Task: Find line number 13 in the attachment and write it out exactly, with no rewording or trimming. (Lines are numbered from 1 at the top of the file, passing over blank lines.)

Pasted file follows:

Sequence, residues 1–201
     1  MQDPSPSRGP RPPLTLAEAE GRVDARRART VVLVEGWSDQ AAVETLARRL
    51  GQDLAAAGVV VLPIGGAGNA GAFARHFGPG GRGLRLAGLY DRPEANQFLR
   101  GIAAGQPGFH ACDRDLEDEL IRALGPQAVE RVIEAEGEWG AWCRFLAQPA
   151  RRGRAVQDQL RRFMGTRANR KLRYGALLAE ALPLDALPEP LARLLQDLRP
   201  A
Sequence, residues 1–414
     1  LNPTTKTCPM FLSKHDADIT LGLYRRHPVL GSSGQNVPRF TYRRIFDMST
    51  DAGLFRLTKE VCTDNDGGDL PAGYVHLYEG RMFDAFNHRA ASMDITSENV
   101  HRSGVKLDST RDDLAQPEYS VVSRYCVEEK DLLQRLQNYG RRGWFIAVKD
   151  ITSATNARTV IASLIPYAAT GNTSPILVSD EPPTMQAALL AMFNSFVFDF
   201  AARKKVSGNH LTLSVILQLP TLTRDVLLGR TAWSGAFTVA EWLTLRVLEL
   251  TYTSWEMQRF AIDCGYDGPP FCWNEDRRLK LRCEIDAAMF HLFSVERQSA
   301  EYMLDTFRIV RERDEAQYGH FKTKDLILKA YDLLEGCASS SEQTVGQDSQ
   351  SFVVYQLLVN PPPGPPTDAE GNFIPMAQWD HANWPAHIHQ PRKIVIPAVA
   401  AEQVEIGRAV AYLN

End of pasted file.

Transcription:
   251  TYTSWEMQRF AIDCGYDGPP FCWNEDRRLK LRCEIDAAMF HLFSVERQSA